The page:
The Problem with Asian Carp and How Blue River Carp is helping.

The problem with Asian Carp is that they present a threat to currently existing ecosystems in the United States mainly by out-competing native fish in food and other resources, quickly dominating certain bodies of water, and potentially endangering certain native species in their natural environment.

As most native fish in the United States, such as bass and crappie, feed on plankton during their larval and juvenile life stages, they start to prey on other things when they grow up. However, that is not the case with some species of Asian Carp which have to stick with the largely plankton-based diet for their entire lives.

As a consequence of its diet preferences, Asian Carp can impact the stability of the food network heavily. The existence of Asian Carp in large numbers could reduce food sources for larval fish and native planktivorous fish which serve as prey to important predatory sports fish such as walleye and trout. It is reported that the decline of gizzard shad, big-mouthed buffalo, large-mouth bass, crappie, blue gill, and catfish in the Illinois River correlated with the Asian Carp boom. Even though there are predators of Asian Carp such as walleye, eagles, and pelicans. Asian Carp tend to grow too large and too quickly for natural predation to be a significant pressure to hold down their populations.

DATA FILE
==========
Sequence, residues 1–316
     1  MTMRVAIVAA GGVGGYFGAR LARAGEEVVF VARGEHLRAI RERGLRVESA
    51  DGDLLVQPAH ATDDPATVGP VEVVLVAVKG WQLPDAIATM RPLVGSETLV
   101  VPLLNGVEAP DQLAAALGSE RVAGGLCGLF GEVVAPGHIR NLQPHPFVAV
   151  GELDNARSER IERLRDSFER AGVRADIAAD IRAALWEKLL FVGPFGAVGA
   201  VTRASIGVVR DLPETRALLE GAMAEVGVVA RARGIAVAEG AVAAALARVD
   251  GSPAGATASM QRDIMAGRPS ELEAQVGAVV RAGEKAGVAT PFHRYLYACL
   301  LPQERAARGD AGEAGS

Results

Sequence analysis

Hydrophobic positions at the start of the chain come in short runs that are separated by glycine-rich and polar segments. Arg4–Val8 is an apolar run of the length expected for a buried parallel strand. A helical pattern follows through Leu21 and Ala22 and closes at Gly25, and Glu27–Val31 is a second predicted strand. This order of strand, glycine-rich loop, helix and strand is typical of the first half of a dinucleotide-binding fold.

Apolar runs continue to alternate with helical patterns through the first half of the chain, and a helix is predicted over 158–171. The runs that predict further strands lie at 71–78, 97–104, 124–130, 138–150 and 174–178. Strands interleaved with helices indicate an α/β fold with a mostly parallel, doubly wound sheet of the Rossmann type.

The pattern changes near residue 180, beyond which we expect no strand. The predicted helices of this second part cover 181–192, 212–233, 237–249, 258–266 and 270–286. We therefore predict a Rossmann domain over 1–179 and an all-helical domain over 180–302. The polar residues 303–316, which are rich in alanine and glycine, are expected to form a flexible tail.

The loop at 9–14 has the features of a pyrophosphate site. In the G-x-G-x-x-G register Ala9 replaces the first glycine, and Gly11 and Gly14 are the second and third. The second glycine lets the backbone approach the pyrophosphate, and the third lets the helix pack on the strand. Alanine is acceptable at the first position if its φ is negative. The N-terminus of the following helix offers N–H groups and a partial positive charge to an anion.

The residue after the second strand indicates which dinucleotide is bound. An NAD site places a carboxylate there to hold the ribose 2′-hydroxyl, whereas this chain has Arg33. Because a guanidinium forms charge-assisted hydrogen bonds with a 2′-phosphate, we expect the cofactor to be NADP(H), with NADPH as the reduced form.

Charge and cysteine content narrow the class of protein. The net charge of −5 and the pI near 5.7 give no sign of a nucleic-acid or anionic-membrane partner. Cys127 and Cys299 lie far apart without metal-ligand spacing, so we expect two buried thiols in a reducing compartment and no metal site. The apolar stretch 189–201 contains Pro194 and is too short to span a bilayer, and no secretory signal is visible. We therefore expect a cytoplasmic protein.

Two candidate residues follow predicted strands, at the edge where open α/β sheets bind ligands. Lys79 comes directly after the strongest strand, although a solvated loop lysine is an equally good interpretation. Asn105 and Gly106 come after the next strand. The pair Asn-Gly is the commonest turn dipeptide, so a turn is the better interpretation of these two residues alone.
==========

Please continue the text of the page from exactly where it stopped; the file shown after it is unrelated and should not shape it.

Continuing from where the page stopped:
As a result, almost all major rivers feeding the Mississippi are overwhelmed with Asian Carp, including the Ohio, Missouri, Arkansas, Tennessee Rivers and many other smaller streams and ditches. In some parts of the Illinois River, Asian Carp are reported to account for nearly 90% of the animal mass.

Although the Mississippi watershed is home to more than 99% of the Asian carp in the United States, much more attention and resources have been given to the Great Lakes. Some experts envision that if Asian Carp enter the Great Lakes they would thrive, which might totally change or even devastate the Great Lakes' ecosystem. Other experts counter-argued that the warm-water Asian Carp are unlikely to flourish in the chilly Great Lakes.